For the first three quarters and most of the fourth quarter, Engram’s contribution was one catch for 12 yards. He stayed patient and alert. A 31-14 Giants lead had been trimmed to 31-28 with 5:11 remaining and suddenly, the Giants needed to control the ball and get more points. Engram and Eli Manning knew the threat of Barkley in the ground game wore heavily on the minds of the Bucs, and after a pitchout to Barkley picked up 2 yards, Engram was unleashed. He ran past linebacker Devante Bond, Manning hit him in stride and 54 yards later, the Giants were on the Tampa 11-yard line and about to score another touchdown.

“It does feel good when those times come, especially in big moments,” Engram said.

This is the new normal for Engram, who is only 24 but gets it. Coach Pat Shurmur explained less is more with Engram: “Making him a little bit fresher so he can take advantage of some of the things he’s good at. The last long pass on that last scoring drive, that’s something that of those three guys, only Evan can do, catch the ball in the open field and run for a very long way. Those two other guys would have got hawked, they would have got run down, but that’s OK. They did other things well. That’s the challenge each week, to try to use them in a way that makes the most sense.”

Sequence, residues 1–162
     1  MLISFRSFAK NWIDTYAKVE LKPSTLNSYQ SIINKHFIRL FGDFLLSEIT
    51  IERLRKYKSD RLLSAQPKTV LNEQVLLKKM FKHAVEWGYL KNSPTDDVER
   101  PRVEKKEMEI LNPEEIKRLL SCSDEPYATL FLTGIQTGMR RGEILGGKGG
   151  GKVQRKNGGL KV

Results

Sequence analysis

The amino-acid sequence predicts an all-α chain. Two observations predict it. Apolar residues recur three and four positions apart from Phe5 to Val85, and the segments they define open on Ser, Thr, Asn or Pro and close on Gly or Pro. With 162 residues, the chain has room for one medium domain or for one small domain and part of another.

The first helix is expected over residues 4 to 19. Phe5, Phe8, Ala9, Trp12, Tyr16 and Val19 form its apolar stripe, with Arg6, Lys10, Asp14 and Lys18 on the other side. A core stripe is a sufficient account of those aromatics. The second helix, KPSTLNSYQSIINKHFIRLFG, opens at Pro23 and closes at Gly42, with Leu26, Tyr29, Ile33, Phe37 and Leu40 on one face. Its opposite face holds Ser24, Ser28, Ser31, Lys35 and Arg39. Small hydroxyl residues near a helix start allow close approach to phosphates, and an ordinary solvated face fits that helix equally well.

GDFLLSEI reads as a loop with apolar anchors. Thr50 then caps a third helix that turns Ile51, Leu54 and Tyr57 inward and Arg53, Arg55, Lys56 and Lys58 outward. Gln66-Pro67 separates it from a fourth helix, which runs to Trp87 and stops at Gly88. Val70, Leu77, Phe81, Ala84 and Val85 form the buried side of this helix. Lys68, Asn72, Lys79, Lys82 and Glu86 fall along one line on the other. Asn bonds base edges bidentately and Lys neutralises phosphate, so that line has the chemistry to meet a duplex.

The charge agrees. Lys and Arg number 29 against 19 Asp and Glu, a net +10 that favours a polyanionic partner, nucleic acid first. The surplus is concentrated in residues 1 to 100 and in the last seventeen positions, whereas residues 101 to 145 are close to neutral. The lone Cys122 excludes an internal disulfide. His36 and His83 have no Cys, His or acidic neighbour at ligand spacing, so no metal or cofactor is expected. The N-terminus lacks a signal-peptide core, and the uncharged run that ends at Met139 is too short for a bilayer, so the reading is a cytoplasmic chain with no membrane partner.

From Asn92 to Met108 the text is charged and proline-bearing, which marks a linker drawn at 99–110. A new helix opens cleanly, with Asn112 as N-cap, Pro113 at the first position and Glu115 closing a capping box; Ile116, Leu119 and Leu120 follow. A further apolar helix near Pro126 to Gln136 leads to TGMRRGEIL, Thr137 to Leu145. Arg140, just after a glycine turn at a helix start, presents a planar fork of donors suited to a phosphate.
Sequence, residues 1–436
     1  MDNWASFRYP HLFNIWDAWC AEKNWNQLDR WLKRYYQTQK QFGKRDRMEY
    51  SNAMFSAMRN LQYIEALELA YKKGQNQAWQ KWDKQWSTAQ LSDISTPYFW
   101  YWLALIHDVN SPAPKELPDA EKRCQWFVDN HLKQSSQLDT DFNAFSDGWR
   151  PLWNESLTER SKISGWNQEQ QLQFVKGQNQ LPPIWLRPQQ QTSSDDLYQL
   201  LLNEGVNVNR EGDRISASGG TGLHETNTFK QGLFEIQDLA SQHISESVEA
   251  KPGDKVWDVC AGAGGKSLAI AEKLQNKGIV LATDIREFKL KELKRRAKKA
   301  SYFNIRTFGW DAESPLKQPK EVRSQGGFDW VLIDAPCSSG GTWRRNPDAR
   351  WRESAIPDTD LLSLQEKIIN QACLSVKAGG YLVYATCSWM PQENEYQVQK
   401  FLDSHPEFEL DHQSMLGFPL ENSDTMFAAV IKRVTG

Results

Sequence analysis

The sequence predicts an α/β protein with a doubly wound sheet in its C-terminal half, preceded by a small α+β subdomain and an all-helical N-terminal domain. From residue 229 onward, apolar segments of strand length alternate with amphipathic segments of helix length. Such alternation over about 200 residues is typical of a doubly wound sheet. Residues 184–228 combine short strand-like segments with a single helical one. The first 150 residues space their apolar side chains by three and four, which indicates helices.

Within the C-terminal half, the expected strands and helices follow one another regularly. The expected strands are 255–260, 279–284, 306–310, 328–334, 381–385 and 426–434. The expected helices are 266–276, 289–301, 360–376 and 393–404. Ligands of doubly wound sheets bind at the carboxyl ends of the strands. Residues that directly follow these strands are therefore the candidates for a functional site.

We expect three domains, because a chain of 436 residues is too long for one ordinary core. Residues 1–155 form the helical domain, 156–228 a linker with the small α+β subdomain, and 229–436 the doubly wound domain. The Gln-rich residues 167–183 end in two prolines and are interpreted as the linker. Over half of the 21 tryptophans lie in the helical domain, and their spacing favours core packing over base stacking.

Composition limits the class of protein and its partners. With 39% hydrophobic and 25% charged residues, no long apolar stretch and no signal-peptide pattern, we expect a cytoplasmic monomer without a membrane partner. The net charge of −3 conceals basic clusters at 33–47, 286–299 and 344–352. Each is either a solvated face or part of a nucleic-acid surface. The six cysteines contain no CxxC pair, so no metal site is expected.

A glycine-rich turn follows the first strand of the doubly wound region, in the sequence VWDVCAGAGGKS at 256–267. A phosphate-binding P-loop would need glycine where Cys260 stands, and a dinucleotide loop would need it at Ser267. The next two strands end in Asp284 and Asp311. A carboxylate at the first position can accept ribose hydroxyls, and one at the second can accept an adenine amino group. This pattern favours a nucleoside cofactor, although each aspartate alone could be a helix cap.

This would not make sense to many young players but, again, Engram gets it.

“I mean, if that’s the plan, if that looks like it’s been best for the team these past two weeks, that’s just how I am, I’m not gonna let it get to me,” Engram said. “I’ve been in situations before where I was pissed and frustrated and then I get my chances and I can’t deliver. Just a mindset of being ready, supporting my guys and making the play.”

More musings as the Giants, for the first time this season, put together a winning streak: